IMA: Compared to EU countries, nation's healthcare on the decline

By 2015, Israel may be among the bottom third compared to developed European countries, warns Dr. Yoram Blachar, the IMA's outgoing chairman.

doctor 248.88 (photo credit: Ariel Jerozolimksi [file])
doctor 248.88
(photo credit: Ariel Jerozolimksi [file])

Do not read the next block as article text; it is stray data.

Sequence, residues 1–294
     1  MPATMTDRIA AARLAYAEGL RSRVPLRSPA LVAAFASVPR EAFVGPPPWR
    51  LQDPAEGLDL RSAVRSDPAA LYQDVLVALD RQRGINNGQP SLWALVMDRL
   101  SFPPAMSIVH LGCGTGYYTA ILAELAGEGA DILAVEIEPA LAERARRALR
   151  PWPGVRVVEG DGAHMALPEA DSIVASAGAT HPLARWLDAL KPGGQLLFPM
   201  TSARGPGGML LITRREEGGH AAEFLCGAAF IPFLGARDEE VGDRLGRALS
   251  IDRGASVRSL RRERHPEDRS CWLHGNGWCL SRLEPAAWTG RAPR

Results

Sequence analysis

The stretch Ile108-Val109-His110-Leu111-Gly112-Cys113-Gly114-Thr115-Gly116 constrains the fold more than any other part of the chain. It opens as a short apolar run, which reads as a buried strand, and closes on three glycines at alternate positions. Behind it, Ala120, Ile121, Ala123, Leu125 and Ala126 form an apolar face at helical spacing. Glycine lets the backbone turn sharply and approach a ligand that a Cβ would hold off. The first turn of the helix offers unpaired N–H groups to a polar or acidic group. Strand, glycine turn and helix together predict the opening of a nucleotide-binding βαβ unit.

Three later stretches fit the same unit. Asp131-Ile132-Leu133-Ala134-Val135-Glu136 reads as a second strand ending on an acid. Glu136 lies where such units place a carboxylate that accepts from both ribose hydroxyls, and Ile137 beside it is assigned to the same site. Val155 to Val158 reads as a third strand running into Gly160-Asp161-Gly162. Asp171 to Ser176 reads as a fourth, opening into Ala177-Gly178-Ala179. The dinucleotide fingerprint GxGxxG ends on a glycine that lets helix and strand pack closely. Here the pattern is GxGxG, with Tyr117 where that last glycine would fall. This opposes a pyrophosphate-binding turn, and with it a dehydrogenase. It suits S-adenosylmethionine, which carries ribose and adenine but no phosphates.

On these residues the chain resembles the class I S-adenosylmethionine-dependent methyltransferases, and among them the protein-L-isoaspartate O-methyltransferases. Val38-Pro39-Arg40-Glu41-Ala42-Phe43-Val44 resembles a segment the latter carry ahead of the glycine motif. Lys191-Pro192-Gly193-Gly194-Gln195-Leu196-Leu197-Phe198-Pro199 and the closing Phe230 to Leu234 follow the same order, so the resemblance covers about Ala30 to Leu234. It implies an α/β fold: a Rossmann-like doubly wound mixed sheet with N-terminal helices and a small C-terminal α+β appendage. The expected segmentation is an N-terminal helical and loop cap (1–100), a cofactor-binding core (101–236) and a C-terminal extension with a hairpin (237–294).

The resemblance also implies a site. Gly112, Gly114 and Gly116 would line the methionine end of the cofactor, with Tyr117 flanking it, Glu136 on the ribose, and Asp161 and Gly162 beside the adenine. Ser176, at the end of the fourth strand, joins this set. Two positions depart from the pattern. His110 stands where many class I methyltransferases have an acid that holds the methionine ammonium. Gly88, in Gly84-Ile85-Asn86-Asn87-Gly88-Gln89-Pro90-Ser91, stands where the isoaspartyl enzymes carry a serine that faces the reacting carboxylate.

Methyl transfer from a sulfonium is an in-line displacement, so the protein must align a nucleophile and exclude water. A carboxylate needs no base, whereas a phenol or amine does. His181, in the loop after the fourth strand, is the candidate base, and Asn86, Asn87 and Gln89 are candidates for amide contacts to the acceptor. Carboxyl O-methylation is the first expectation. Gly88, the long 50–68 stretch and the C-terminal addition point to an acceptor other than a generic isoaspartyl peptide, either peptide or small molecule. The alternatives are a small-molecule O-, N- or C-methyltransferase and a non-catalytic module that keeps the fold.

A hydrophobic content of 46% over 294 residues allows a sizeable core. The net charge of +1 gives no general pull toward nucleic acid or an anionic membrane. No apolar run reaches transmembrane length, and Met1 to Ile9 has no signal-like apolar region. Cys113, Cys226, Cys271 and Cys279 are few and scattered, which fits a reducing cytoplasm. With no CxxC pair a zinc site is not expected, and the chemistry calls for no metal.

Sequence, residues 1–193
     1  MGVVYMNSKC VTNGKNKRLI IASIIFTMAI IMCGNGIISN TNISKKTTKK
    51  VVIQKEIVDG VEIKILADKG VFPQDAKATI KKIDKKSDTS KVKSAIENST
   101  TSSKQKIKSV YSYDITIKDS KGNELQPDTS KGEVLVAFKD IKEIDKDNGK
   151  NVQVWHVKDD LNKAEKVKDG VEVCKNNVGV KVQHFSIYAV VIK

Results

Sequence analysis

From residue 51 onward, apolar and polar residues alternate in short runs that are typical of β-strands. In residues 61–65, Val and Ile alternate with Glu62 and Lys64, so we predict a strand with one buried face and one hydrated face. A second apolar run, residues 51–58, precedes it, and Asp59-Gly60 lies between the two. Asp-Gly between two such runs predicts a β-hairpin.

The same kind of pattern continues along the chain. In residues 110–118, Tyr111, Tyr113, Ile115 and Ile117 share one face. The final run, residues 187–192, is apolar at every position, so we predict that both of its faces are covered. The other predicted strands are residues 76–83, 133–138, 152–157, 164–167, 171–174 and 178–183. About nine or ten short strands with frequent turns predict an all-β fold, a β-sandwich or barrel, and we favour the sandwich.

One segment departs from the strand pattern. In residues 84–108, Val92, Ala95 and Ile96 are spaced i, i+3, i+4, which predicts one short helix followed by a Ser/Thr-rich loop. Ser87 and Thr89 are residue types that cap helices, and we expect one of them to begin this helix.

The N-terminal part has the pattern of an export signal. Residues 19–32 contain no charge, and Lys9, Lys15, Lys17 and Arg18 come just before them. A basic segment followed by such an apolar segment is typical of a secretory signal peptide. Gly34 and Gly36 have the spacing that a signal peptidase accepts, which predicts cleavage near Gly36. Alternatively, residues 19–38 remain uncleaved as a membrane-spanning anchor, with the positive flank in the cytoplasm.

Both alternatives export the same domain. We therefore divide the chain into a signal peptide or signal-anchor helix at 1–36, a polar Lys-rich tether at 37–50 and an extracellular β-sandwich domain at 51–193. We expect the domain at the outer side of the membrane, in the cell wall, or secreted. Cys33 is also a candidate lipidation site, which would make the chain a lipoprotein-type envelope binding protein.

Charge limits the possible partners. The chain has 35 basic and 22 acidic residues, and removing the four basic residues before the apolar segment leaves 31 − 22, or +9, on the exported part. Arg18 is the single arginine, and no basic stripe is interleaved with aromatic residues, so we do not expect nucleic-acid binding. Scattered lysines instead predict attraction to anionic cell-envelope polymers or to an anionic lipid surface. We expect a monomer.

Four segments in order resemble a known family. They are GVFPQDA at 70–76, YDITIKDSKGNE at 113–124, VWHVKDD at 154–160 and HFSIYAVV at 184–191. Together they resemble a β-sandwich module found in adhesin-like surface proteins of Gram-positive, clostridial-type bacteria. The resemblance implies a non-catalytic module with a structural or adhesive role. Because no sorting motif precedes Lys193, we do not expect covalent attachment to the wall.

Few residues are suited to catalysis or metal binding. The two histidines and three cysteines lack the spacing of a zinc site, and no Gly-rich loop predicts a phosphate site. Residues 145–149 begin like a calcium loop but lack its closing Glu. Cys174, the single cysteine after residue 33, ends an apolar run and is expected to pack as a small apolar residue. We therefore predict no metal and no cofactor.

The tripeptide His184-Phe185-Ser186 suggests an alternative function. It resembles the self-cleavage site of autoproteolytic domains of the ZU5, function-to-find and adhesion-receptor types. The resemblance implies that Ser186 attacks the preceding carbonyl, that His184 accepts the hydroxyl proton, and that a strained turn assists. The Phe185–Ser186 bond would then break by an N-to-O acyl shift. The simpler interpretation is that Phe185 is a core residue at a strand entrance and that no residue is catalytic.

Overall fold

Counter to frequent government claims that the local health system is among the "best in the world," an "objective" comparison conducted for the Israel Medical Association of a large variety of parameters shows it gets only average marks when compared to European Union countries. Israel received a middling 50 on a scale of 100. The National Health Index assessment tool developed by the IMA and conducted by leading doctors, academics and health system experts was revealed on Monday for the first time by Dr. Yoram Blachar, the IMA's outgoing chairman. His successor will be chosen at the IMA's 41st national conference in Jerusalem this week. The team of experts found that the relative position of Israel's health system compared to EU countries is declining; this includes the state of preventive medicine; the amount of available medical manpower and infrastructure; and inequity of healthcare among the various ethnic and socioeconomic groups. Blachar warned that if the pace of decline continues, by 2015, Israel will be among the bottom third compared to developed European countries, when today it is in the middle. He said the IMA intends to publicize the National Health Index every year, and that the ratings will be used by international organizations such as the World Health Organization and the OECD. The IMA will consider the inclusion of additional parameters and invites all relevant groups to join the initiative to develop the index and advance the level of healthcare. The country's faltering educational system is objectively compared every year with those in Western countries, but the IMA maintains that until now, this was not done with the health system. The findings counter positions of the Treasury, which has consistently stated there is no major need for expanding medical infrastructure. Among the factors making up the index were longevity, morbidity, health behaviors, vaccinations, diagnosis of infectious diseases, ratios of doctors in various specialties and nurses per capita, the size of medical infrastructures, satisfaction of residents with their health care and way they are treated in medical institutions, and gaps in care, morbidity and mortality among various population groups. In the periphery, infant mortality is much higher than in the center of the country. Asthma and diabetes are much more common among low socioeconomic groups. There are two few operating rooms and hospital outside the center of the country. Poor people often forgo the purchase of drugs they are prescribed or medical care they need because they can't afford the copayments, the IMA said. There is no trend that shows a reduction in inequity, the IMA's 39-page report concluded.